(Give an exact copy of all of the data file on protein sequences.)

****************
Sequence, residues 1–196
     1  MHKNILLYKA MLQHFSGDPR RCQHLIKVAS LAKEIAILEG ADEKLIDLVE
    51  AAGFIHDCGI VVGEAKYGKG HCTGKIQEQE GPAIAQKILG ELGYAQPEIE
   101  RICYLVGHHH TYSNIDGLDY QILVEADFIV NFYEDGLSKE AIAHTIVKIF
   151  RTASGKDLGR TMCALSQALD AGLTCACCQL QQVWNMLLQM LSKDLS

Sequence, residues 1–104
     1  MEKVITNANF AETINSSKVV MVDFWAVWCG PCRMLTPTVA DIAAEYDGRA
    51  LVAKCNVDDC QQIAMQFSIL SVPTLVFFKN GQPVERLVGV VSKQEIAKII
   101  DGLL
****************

Sequence, residues 1–196
     1  MHKNILLYKA MLQHFSGDPR RCQHLIKVAS LAKEIAILEG ADEKLIDLVE
    51  AAGFIHDCGI VVGEAKYGKG HCTGKIQEQE GPAIAQKILG ELGYAQPEIE
   101  RICYLVGHHH TYSNIDGLDY QILVEADFIV NFYEDGLSKE AIAHTIVKIF
   151  RTASGKDLGR TMCALSQALD AGLTCACCQL QQVWNMLLQM LSKDLS

Sequence, residues 1–104
     1  MEKVITNANF AETINSSKVV MVDFWAVWCG PCRMLTPTVA DIAAEYDGRA
    51  LVAKCNVDDC QQIAMQFSIL SVPTLVFFKN GQPVERLVGV VSKQEIAKII
   101  DGLL